The disturbing saga of the West Memphis Three has been playing out for nearly 20 years now. In 1993, three teenagers in West Memphis, Arkansas — Damien Echols, Jason Baldwin and Jessie Misskelley — were tried and convicted for the horrific murder of three young boys.
The teens were accused of performing a Satanic ritual in the woods, and implicated as much for their black clothes and heavy metal records as anything else. No physical evidence tied them to the scene, and later revelations would raise multiple red flags on the trial, including suggestions of false testimony, coerced confessions and jury misconduct.
Paradise Lost 3: Purgatory, new this week to DVD, is the third in a series of HBO original documentaries chronicling the case of the West Memphis Three. Filmmakers Joe Berlinger and Bruce Sinofsky originally went to Arkansas in 1993 to cover a lurid and sensational trial, but soon became convinced that they were witnessing a modern day witch hunt. Their 1996 documentary Paradise Lost: The Child Murders at Robin Hood Hills was followed by a 2000 sequel Paradise Lost 2: Revelations.
The films raised such public awareness that celebrities from Metallica to the Dixie Chicks to Johnny Depp rallied to the cause. As of 2011, Echols, Baldwin and Misskelley had spent 18 years in federal prison, their various appeals denied by a stubborn legal system despite mountains of new exculpatory evidence, including DNA analysis.
Last year, just weeks before Purgatory was to premiere at the Toronto International Film Festival, the three convicted men were abruptly released from prison thanks to an obscure legal maneuver.
The DVD release of Purgatory is like an overflowing case file on the story of the West Memphis Three. The film itself includes footage from the previous two installments, as well as an epilogue covering the events of last year. There's also a collection of previously unreleased footage; a panel discussion with Echols, Baldwin and Misskelley; and a recent interview with the filmmakers.
It's a remarkable piece of documentary filmmaking, assembled with great skill and evident passion. (Purgatory was nominated for the Academy Award for Best Documentary Feature last year.) It's also very hard to watch. The film contains graphic crime scene footage and candid interviews with devastated families. The filmmakers correctly keep their focus on the miscarriage of justice; that's the crime that can still be remedied here. But the faces of those little boys — Stevie Branch, Michael Moore and Christopher Byers — are the images that linger.
The story isn't over yet, either. Director Amy Berg (Deliver Us From Evil) and producer Peter Jackson (Lord of the Rings) premiered their own documentary on the case, West of Memphis, at this year's Sundance Film Festival, and plan to release the film to theaters in December. West of Memphis chronicles the history of the case, then shifts the focus to the chase for the real killer.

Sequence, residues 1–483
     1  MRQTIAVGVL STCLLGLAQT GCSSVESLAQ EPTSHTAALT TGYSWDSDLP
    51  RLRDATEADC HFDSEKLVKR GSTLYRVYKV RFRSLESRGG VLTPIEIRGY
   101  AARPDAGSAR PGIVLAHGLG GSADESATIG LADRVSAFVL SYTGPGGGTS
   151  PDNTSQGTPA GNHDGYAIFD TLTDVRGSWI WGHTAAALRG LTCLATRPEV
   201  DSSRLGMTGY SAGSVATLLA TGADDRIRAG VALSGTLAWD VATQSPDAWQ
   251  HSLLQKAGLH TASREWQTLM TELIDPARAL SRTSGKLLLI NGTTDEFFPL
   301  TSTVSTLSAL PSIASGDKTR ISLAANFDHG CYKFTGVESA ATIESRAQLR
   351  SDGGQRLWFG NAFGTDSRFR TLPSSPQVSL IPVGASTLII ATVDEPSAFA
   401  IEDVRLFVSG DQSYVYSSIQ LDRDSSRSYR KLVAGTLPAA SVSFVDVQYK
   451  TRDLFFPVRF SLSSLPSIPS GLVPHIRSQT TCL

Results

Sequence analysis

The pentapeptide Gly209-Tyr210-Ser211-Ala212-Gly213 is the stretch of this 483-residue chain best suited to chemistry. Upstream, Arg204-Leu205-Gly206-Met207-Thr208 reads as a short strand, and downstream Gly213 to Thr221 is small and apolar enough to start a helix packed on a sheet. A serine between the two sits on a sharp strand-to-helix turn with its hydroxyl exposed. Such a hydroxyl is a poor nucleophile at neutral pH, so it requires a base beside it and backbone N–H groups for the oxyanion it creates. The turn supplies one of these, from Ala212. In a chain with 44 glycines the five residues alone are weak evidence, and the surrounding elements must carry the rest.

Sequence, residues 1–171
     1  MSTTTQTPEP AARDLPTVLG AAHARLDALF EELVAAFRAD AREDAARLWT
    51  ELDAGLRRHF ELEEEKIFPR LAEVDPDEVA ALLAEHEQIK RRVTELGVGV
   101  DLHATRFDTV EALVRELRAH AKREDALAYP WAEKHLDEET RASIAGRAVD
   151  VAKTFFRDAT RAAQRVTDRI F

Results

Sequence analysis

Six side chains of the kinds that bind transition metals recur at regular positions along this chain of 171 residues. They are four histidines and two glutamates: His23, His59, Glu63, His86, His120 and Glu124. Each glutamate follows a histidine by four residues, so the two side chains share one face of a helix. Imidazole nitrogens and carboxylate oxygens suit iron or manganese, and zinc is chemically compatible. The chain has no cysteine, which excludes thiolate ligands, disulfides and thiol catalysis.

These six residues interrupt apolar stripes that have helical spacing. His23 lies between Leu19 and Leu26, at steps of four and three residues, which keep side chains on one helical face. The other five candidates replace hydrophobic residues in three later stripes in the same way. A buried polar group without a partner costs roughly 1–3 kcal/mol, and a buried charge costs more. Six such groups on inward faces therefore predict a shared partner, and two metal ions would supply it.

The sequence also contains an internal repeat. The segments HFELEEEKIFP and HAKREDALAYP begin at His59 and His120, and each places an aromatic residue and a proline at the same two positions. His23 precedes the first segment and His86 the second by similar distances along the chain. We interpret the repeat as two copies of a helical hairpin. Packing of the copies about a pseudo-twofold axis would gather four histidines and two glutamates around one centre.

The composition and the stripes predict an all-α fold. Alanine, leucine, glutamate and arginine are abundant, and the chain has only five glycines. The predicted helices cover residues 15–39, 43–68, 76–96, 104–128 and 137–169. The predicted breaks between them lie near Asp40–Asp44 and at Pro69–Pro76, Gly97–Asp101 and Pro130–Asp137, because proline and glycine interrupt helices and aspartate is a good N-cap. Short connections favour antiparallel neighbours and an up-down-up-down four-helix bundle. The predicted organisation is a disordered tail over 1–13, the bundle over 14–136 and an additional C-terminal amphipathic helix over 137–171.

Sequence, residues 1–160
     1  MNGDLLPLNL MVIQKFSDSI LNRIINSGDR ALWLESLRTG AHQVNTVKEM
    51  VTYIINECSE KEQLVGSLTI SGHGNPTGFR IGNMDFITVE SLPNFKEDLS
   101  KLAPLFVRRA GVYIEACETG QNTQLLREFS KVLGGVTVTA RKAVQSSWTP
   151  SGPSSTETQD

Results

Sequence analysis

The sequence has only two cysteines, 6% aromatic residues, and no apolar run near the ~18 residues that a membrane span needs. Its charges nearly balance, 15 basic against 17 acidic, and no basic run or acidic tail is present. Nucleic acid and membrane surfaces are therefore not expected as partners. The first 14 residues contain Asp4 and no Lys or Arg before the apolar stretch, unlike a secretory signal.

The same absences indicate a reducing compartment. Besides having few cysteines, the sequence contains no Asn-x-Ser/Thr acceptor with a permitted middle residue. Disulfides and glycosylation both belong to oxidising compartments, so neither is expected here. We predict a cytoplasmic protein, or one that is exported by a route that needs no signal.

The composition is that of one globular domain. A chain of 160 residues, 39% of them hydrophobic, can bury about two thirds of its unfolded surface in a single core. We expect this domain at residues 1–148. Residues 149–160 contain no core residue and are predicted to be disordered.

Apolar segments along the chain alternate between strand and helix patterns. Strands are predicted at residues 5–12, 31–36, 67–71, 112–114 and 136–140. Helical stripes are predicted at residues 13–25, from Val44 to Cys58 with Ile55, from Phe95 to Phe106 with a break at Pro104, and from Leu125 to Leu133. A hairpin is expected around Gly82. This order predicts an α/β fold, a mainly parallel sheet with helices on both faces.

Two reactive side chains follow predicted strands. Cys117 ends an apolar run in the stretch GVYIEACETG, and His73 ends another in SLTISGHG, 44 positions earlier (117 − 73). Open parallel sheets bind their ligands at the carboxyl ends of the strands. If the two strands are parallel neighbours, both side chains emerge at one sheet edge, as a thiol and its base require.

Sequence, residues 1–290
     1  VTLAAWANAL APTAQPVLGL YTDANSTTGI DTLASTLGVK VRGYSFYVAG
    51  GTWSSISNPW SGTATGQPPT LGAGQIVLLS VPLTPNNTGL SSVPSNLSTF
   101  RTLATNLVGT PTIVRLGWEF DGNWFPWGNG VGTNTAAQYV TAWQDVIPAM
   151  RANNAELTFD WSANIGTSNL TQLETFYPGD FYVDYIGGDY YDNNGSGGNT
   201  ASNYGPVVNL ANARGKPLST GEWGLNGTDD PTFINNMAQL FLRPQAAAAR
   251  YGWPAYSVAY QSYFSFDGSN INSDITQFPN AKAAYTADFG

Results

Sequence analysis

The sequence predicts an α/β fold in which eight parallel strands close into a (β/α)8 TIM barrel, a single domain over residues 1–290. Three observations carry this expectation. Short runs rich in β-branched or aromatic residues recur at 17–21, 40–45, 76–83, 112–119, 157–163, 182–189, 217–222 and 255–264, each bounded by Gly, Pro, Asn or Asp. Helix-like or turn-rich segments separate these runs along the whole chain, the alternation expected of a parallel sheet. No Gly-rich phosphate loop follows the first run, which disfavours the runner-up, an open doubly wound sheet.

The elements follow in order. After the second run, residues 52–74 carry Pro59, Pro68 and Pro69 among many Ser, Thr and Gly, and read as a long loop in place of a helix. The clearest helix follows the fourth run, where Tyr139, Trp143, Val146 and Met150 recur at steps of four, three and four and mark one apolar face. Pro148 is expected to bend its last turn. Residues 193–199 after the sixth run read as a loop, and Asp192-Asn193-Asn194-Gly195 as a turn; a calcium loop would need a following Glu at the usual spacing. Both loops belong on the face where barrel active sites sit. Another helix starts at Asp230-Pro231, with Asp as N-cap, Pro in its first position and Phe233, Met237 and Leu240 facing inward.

As a documentary film, Purgatory is darkly enthralling. I spent several hours watching the movie and the extras, and several more reading up on the case online. It's that kind of film, and that kind of story.
The last word belongs to co-director Berlinger: “Why does it take three well-funded HBO documentaries over 18 years and millions of dollars from a vast array of celebrities and regular people agitating to give these guys the kind of defense that they deserved back in '93? There's something wrong with the justice system. In this particular case, there was a fluke, but there are hundreds of cases where people claim to be innocent.”
A four-disc collector's edition of the entire trilogy of Paradise Lost films will be released in November.
Also New This Week:
The teen sci-fi freakout THE HUNGER GAMES comes to DVD, Blu-ray and digital this Saturday. Filmed in North Carolina, the movie is a lot of fun and has some mischievous sci-fi conjecture regarding the future of America, TV and class resentments. Extras are bundled on a second disc with both the DVD and Blu-ray packages, and include more than three hours of bonus materials.
Based on actual events, the Australian thriller THE SNOWTOWN MURDERS has been compared to David Fincher's Zodiac and won a Special Jury Prize last year at Cannes.
The long-awaited Blu-ray debuts of JAWS and THE ROYAL TENENBAUMS hit shelves this week, both with extensive digital restoration and packed with extras.
Plus: The comedy-noir BREATHLESS, the Cuban zom-com JUAN OF THE DEAD, the Indonesian bloodbath THE RAID: REDEMPTION and TV-on-DVD collections from American Pickers, Community, Dexter, Glee, Nikita, Pawn Stars and — for you Masterpiece Theatre costume drama nerds — the UK broadcast edition of The Forsyte Saga.